Unless you forgive you will not be forgiven. To refuse to forgive someone else and then to ask God for forgiveness is a kind of spiritual schizophrenia. You are asking God to give you what you are unwilling to give to someone else. The Lord’s Prayer tells us you cannot have it both ways. Do you want to be forgiven? You must forgive others.
A Serious Word to the Unforgiving
Does the Bible really teach that God’s forgiveness of us is linked to our forgiveness of others? Let’s go back to the words of Jesus. The Lord’s Prayer is over but Jesus is still speaking.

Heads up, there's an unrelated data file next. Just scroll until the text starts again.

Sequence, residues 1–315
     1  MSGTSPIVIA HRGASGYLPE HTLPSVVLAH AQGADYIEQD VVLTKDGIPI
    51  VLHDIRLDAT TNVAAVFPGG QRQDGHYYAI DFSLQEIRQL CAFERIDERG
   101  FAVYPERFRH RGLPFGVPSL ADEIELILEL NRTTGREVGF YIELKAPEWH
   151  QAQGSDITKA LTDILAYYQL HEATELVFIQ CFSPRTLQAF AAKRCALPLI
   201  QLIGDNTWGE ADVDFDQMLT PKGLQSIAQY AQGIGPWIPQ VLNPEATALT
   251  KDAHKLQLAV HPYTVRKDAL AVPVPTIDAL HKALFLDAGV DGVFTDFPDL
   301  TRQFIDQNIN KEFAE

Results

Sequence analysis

Matthew 6: 14, 15 - Jesus has just given us the Lord’s Prayer and the only part that he singles out for additional commentary is this petition. All the others he leaves alone. I believe he offered further commentary because he knew that we would feel uncomfortable with this part of the Lord’s Prayer. He knew that we would try to wriggle out from under it. That is why he spells it out so clearly that no one can doubt it.
An “Unforgiven” Christian